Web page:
OLYMPIA The Washington Department of Fish and Wildlife has the authority to
require hunters to wear fluorescent orange clothing for safety reasons, the state Court
of Appeals ruled recently.
The hunter-orange requirement, which has been in effect since 1991, was
challenged by two hunters who contended that WDFW does not have the right to
require hunters to wear a particular type of clothing.
The state Court of Appeals ruled that the department's statutory authority to
regulate "manner of taking" game animals includes the authority to regulate hunter
safety by requiring hunters to wear fluorescent orange clothing.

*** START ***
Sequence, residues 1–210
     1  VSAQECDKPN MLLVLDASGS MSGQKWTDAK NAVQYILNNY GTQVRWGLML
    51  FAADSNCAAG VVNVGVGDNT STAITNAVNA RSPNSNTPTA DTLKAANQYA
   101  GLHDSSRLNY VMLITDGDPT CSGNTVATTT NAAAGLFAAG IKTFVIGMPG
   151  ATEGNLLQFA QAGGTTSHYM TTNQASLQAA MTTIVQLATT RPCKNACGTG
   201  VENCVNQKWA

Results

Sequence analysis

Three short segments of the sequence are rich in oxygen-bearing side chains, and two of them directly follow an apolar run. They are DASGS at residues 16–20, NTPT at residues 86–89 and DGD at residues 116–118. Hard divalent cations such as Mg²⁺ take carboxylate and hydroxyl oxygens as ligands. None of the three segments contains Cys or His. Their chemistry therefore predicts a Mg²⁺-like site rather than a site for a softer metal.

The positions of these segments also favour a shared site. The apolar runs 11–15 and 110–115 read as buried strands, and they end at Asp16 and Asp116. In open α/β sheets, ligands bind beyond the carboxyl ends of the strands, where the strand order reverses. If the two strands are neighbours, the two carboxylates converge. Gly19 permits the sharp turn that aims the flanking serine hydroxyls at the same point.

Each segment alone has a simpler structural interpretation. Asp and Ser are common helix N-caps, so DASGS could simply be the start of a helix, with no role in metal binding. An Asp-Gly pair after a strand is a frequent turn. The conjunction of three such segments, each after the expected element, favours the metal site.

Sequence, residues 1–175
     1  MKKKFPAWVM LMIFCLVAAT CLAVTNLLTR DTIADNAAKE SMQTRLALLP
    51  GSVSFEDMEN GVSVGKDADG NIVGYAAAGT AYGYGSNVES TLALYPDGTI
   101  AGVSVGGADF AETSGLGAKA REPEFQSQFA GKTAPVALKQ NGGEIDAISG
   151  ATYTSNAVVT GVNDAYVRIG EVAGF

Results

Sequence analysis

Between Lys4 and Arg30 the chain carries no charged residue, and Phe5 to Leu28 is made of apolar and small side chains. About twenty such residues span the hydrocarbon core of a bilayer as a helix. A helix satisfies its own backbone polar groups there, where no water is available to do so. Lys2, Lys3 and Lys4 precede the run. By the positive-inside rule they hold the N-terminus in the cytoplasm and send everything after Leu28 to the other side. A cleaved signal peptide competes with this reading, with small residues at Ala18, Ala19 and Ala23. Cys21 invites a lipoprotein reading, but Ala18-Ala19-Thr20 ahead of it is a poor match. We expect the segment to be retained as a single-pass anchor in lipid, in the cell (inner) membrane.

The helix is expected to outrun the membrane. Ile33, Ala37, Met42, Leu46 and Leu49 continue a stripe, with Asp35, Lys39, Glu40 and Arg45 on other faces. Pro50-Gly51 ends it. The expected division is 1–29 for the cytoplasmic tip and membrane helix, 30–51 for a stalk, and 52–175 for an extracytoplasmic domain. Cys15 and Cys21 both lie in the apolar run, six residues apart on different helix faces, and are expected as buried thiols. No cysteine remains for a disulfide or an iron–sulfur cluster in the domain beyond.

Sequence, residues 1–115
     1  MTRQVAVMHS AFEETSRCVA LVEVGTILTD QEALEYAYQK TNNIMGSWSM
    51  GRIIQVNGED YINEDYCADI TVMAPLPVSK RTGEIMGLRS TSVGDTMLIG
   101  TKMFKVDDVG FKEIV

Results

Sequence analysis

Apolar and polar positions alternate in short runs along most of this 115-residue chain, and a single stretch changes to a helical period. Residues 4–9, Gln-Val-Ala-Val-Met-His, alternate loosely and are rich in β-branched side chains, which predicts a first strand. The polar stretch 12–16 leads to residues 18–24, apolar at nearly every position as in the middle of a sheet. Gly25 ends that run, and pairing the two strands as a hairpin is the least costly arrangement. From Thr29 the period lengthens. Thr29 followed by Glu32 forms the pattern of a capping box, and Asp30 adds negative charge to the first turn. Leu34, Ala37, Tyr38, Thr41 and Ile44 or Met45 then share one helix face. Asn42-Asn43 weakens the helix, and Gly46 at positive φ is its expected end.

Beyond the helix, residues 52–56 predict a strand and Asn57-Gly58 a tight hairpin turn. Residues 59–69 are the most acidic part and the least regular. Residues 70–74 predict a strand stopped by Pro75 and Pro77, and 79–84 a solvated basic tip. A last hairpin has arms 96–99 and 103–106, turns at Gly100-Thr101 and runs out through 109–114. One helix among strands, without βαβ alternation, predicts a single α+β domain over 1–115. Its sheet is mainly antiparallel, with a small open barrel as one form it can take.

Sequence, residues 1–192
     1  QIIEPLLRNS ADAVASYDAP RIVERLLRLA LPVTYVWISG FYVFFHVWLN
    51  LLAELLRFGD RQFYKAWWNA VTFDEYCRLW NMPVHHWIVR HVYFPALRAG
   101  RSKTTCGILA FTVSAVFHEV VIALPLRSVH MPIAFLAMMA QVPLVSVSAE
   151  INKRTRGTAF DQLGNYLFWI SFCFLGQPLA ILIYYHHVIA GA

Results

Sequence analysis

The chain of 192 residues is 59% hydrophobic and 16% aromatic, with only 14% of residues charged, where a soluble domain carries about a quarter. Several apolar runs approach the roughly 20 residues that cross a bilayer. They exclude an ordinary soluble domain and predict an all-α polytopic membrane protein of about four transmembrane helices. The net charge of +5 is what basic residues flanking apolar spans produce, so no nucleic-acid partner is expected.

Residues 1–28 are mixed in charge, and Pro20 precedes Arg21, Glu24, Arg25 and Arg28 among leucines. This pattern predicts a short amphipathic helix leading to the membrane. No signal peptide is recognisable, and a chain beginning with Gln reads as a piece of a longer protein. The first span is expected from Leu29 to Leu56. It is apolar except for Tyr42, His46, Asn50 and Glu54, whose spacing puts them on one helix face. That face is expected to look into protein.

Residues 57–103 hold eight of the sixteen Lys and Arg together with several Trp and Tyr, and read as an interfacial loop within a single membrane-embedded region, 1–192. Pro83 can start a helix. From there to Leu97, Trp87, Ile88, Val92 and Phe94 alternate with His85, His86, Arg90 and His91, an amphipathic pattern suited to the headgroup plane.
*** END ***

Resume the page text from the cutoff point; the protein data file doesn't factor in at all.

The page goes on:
"Hunter orange reduces accidents," said Mik Mikitik, WDFW hunter education
In the five years before the regulation was adopted, the rate of firearm-related
hunter injuries was 8.16 per 100,000 hunters; in the five years following adoption of the
hunter-orange requirement the injury rate dropped to 7.26 per 100,000 hunters, Mikitik
The requirement was put in place because Washington had a relatively high
number of firearm-related hunting accidents caused by poor visibility, Mikitik recalled.
The department requires that hunters in areas open to modern-firearm hunting
for deer or elk wear at least 400 square inches of fluorescent orange clothing above the
waist. Upland bird hunters hunting with modern firearms are required to follow the same